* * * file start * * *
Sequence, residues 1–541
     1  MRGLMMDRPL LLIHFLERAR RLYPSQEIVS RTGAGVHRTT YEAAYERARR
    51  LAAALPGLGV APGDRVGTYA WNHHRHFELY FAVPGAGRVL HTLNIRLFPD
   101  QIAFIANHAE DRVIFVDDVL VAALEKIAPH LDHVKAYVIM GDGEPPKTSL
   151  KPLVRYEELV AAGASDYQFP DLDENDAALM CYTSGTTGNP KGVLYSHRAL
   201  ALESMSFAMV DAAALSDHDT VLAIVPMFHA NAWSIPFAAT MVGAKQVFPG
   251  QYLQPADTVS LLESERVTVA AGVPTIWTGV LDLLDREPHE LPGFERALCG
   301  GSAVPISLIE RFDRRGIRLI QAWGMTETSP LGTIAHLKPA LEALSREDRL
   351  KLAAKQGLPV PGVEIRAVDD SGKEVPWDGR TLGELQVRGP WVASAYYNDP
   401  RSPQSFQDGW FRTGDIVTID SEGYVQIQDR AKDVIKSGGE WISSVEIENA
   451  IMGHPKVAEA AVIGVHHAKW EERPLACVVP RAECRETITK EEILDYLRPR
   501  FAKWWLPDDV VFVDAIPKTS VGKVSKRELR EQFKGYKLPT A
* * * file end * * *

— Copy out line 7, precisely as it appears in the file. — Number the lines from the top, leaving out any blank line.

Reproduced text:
   251  QYLQPADTVS LLESERVTVA AGVPTIWTGV LDLLDREPHE LPGFERALCG